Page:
I am a licensed clinical social worker with over three decades of clinical experience in both private practice and community mental health settings. I also have many years of postgraduate research studying effective psychotherapy, and I have been a NAADAC-certified Substance Abuse Professional.
As a therapist, I enjoy working intuitively with individuals and couples, listening to their stories, building trust, and discovering new solutions together. The following frequently asked questions will tell you more about me, my experience, and my approach.
What is your experience and training?
I have been interested in psychology from the beginning of my academic career. I received my Bachelor’s Degree in Psychology from Antioch College/West in 1977, and spent extensive time interning on an in-patient psychiatric ward.
In 1980, I received my Master’s Degree in Social Work (MSW) from Smith College School for Social Work in Northampton, Massachusetts. My graduate training focused on psychotherapy theory and practice, particularly the social and economic environments in which people develop.
During the 1980s I worked as a therapist in a mental health clinic providing psychotherapy, and I also began a private practice. I established my current practice in 1993. I am a member of The San Francisco Psychotherapy Research Group, and part of its supervising and teaching faculty, and have supervised master’s degree and doctoral students for many years.
What license do you hold?
I was licensed by the State of California as an MFCC, now called MFT (marriage and family therapist), in 1982.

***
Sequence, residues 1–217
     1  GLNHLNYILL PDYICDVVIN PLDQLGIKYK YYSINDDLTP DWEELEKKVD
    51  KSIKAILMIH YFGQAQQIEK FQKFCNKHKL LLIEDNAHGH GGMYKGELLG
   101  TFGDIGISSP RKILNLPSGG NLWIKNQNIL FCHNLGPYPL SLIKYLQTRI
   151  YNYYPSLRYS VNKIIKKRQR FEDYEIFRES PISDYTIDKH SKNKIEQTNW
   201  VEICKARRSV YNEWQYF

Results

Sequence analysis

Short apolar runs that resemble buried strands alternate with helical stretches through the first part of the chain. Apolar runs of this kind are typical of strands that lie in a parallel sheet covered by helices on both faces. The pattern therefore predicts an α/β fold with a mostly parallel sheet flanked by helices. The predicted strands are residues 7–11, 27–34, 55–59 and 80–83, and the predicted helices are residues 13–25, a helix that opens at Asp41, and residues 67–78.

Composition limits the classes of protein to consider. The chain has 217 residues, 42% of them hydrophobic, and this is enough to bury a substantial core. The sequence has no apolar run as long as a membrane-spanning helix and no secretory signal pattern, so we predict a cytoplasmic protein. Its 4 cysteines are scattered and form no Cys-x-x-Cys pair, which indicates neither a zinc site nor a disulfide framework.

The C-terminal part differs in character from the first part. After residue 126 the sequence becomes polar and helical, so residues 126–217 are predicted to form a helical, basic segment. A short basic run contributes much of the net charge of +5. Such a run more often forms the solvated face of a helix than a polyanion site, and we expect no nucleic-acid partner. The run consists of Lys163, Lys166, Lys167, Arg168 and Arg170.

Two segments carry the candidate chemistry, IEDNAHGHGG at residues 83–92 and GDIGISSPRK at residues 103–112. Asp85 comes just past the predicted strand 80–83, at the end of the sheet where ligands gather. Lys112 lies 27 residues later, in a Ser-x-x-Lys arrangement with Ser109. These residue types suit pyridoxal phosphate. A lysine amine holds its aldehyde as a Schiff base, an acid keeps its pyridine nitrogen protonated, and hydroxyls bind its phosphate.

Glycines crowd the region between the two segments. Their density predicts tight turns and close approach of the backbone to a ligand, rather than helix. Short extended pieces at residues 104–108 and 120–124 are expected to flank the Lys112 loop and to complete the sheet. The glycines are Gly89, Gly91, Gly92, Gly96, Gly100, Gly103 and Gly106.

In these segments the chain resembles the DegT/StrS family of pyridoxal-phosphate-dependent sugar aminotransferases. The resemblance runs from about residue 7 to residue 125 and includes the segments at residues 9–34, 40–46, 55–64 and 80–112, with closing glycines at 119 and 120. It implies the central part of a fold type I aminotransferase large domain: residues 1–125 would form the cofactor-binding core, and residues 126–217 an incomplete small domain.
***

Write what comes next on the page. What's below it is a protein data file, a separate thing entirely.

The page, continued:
In 1983, I obtained LCSW status (Licensed Clinical Social Worker).
What is clinical social work?
Just as there are doctors with different specialties, social workers also have diverse therapeutic approaches and areas of clinical interest. Social workers provide more psychotherapy than any other discipline in the United States.
Working with people therapeutically in a variety of settings is considered clinical work. As a therapist, I have done clinical work in settings as diverse as in-patient hospitals, out-patient clinics, substance abuse clinics, and in private practice.
Do you follow a particular line of thinking regarding therapy?
I come from a humanist tradition, which means I care about my clients. Within that humanist tradition I received graduate training in psychodynamic theory in graduate school. I was taught that how people are raised, for good and for ill, has an influence on the way they experience the good and the ill in their current life.
Within the psychodynamic tradition I have extensive training in Control Mastery Theory. This theory holds that individuals and couples come to therapy wanting to figure out and master their problems. If you would like more information go to www.sfprg.org.